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Author Topic: sharpening for digital negatives  (Read 677 times)
EricWHiss
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« on: June 03, 2013, 03:53:39 PM »
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I'm starting to work with digital negatives to make initially silver prints but hope to move to platinum palladium prints later.  I'm curious to hear from others about how they sharpen their files for printing digitial negatives?   I'm using both film scans and digitally captured images and fell comfortable with the capture level sharpening, but wonder what you all do for output sharpening.  I have the pixelgenius sharpener plugin for PS5, but wonder if the amount of sharpening for inkjet paper is too much for a digital negative or if a different radius or type is better?   

Thanks,
Eric
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Mark D Segal
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« Reply #1 on: June 03, 2013, 04:10:54 PM »
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I'm starting to work with digital negatives to make initially silver prints but hope to move to platinum palladium prints later.  I'm curious to hear from others about how they sharpen their files for printing digitial negatives?   I'm using both film scans and digitally captured images and fell comfortable with the capture level sharpening, but wonder what you all do for output sharpening.  I have the pixelgenius sharpener plugin for PS5, but wonder if the amount of sharpening for inkjet paper is too much for a digital negative or if a different radius or type is better?   

Thanks,
Eric


This is an unanswerable question in the manner put. Outcomes differ depending on whether the original media is a digital file or a digitized file from a film scan, then the size of the film original etc.  (I assume your use of the words "digital negative" simply means an image file) and on what kind of paper you will make the print. Photokit Sharpener is the way to go for this because there is a plethora of canned settings from which to choose, between the different output and creative sharpeners. I think this is best addressed by experimentation, starting with a preset that closest defines the medium.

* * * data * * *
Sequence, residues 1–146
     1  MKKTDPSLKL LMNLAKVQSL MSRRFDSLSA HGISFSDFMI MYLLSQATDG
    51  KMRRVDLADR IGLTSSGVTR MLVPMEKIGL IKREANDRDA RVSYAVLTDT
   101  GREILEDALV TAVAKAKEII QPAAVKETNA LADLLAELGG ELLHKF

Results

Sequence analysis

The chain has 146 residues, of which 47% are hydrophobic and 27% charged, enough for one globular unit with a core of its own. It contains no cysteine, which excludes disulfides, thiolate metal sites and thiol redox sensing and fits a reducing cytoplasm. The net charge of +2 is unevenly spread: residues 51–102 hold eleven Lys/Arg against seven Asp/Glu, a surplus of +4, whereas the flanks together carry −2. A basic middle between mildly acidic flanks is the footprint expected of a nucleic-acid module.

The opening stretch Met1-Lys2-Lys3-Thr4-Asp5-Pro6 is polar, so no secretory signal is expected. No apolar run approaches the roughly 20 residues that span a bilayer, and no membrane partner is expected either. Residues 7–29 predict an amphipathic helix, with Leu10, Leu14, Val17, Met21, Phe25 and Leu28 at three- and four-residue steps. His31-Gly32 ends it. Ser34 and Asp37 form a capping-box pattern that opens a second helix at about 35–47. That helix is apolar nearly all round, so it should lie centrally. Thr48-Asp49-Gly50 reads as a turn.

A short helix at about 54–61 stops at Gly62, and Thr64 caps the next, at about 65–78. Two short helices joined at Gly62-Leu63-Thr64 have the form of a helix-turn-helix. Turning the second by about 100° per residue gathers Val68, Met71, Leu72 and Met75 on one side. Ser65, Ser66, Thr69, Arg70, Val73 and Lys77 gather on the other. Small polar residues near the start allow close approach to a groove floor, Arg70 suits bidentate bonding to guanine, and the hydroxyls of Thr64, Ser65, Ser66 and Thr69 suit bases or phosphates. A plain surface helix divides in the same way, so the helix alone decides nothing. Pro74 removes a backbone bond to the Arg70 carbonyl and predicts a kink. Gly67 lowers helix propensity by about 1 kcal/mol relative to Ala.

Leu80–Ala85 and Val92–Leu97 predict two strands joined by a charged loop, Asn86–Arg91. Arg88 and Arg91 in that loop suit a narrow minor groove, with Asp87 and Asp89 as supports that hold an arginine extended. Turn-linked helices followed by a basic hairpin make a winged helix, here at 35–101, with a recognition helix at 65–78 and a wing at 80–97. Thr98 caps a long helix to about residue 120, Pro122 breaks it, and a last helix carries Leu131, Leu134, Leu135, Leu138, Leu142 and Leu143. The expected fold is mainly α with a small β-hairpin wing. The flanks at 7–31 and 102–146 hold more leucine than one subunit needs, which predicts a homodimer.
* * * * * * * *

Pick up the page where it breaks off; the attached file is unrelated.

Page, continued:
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Mark D Segal (formerly MarkDS)
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Schewe
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« Reply #2 on: June 03, 2013, 05:01:06 PM »
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Pretty sure Eric is talking about printing out on film to make an inter-neg in order to make contact prints with light sensitive coated paper...in this case, it'll be tough but I would start with the Contone Output sharpeners...you may need to do a test and I suspect it'll ultimately depend on the final paper you print on.
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EricWHiss
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« Reply #3 on: June 03, 2013, 05:25:10 PM »
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Pretty sure Eric is talking about printing out on film to make an inter-neg in order to make contact prints with light sensitive coated paper...in this case, it'll be tough but I would start with the Contone Output sharpeners...you may need to do a test and I suspect it'll ultimately depend on the final paper you print on.

That's correct, thanks!  I was looking at the Contone output sharpeners but wondered which would be appropriate to start with - 300?  I'm printing onto Pictorico UTP-100 film with a 44inch HP Z3200 PS.   Mostly going from digital back files to 11x14 and 16x20 inch sheets.     I only did capture level sharpening with the first negatives and the analog prints did not look as sharp as I wanted.  Printing to Illford multigrade fiber glossy film paper and putting the ink side of the negative down onto the paper under glass.


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Jim Kasson
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« Reply #4 on: June 03, 2013, 05:39:25 PM »
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rinting to Illford multigrade fiber glossy film paper and putting the ink side of the negative down onto the paper under glass.

When I was doing this many years ago, I found that a vacuum easel improved sharpness.

Jim
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